Once the user has selected a location, it's time for the route engine to generate the fastest and most direct route to the destination. This requires a very complex algorithm that can juggle many variables at once: road types (single lane vs freeway), speed limits, stop lights, turns, real-time traffic data, road conditions. Closings and construction and more. All the data is crunched in a fraction of a second to calculate multiple routes, the estimated time of arrival for each route and the cost of fuel to get there.
Like other online map and direction services, MapQuest offers both a website (MapQuest.com) and a mobile app. Let's start with the website first.
MapQuest.com looks familiar to anyone who uses other online maps. At the top left of the screen is a prominent search bar where you can search for a location by name, address or keyword ("pizza"). Below the search bar are shortcut buttons that highlight nearby points of interest: hotels, food, shopping, coffee, groceries, and gas.
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Once you've selected a location, MapQuest.com provides at least two routes to your destination. Each route includes the following information: how long it will take to arrive on that route, current traffic conditions and "estimated fuel consumption". This last data point is unique to MapQuest.com and can be further customized by entering the make and model of your car.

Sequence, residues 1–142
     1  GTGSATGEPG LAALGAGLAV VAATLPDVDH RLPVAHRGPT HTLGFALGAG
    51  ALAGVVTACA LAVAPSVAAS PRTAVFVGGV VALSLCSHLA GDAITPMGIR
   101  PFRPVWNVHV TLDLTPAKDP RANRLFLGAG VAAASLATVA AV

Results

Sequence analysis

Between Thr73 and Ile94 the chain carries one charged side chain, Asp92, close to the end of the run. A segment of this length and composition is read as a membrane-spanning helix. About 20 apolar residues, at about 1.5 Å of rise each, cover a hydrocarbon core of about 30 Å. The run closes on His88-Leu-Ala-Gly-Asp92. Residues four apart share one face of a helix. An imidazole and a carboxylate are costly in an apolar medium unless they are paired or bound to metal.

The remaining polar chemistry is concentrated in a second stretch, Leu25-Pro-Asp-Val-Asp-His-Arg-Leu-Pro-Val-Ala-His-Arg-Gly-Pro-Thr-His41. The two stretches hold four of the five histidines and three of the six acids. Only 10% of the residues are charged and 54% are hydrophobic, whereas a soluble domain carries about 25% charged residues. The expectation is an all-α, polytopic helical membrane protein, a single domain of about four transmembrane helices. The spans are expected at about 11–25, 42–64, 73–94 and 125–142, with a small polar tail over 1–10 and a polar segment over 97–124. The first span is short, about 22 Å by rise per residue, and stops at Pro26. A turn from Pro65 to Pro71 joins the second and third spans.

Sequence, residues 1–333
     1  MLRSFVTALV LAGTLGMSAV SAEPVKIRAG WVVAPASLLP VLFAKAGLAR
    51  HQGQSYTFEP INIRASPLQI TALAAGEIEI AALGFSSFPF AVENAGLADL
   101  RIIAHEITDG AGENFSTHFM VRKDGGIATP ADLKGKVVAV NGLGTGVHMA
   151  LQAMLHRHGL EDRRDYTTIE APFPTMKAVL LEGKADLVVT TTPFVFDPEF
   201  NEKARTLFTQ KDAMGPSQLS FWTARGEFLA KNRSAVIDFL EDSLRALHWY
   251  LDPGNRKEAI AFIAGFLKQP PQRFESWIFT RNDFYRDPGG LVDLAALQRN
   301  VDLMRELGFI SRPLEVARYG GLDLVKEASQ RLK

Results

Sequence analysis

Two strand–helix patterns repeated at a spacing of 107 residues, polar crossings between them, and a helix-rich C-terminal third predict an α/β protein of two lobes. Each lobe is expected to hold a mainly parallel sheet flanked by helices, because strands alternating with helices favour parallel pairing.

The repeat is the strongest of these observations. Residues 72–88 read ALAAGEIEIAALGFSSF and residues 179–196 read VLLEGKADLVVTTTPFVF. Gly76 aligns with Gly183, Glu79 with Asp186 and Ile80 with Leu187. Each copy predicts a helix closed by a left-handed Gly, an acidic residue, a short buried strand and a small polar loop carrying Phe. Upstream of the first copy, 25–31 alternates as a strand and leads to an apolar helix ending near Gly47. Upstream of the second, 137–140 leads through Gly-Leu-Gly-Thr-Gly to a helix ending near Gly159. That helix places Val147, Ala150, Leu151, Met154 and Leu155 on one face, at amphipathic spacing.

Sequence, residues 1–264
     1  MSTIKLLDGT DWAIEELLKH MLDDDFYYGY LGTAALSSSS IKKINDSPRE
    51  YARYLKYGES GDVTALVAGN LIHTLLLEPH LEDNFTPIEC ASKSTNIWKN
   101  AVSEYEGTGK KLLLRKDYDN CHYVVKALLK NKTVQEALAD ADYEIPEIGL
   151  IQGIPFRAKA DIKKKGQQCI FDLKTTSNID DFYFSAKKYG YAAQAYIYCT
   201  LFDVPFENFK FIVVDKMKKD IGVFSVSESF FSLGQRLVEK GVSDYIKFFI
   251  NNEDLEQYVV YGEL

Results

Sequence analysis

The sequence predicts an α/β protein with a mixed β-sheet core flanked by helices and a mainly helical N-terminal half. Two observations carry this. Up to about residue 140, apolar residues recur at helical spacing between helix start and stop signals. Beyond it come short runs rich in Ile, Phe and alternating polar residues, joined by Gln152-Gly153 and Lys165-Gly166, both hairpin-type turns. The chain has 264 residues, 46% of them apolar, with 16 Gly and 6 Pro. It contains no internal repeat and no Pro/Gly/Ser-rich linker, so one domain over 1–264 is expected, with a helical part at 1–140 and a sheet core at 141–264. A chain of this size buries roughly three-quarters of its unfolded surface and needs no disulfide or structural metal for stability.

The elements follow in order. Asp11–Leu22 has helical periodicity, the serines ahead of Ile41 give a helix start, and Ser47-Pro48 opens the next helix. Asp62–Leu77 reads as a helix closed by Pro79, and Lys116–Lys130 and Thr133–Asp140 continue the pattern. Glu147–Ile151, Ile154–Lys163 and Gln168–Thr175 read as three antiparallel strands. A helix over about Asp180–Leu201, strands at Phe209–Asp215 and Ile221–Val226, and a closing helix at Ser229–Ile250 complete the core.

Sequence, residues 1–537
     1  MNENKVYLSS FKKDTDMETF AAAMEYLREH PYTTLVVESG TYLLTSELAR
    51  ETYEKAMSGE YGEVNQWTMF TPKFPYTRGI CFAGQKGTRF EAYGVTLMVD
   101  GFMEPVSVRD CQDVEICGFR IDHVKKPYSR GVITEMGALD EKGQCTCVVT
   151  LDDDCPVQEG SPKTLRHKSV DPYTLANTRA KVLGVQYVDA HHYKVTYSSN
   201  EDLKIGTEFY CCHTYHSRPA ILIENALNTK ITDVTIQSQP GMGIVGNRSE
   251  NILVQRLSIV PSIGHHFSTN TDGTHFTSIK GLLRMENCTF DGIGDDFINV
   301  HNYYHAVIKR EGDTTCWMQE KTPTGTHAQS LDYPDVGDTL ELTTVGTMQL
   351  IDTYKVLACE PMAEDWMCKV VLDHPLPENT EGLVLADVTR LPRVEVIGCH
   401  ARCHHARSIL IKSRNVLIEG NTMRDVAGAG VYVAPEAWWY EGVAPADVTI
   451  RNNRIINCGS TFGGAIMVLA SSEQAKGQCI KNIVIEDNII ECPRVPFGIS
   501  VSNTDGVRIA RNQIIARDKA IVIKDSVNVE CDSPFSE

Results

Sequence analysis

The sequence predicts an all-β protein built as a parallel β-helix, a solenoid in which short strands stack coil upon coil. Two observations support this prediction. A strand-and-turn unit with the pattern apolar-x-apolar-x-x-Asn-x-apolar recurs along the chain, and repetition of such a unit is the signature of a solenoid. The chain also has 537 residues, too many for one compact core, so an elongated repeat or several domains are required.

But let's face it, how many people still look to a website for guidance? Since our smartphones have built-in GPS, most of us use mapping apps on our phones that provide turn-by-turn directions in real-time. MapQuest includes all the features of competing map apps plus some extras.
At the top of the MapQuest home screen are two icons: "Find Places" and "Get Directions." The main difference between the two search options is that "Find Places" gives you more information about the selected destination - hours, phone number, Yelp reviews - in addition to the "Directions" button. Direct instructions.